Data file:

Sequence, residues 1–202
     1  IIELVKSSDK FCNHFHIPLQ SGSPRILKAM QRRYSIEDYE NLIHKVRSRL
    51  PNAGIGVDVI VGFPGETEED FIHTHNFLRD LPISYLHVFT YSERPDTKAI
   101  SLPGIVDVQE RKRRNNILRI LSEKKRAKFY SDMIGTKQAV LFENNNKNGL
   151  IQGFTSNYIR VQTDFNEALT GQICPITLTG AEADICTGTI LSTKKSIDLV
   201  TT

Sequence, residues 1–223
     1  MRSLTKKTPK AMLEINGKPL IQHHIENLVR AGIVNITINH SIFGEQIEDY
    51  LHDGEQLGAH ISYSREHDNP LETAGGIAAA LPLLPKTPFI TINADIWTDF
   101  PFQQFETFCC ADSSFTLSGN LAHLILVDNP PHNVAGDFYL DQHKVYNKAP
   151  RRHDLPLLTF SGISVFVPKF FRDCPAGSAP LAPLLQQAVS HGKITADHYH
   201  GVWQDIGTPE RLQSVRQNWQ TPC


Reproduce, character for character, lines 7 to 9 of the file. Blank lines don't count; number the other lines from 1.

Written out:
Sequence, residues 1–223
     1  MRSLTKKTPK AMLEINGKPL IQHHIENLVR AGIVNITINH SIFGEQIEDY
    51  LHDGEQLGAH ISYSREHDNP LETAGGIAAA LPLLPKTPFI TINADIWTDF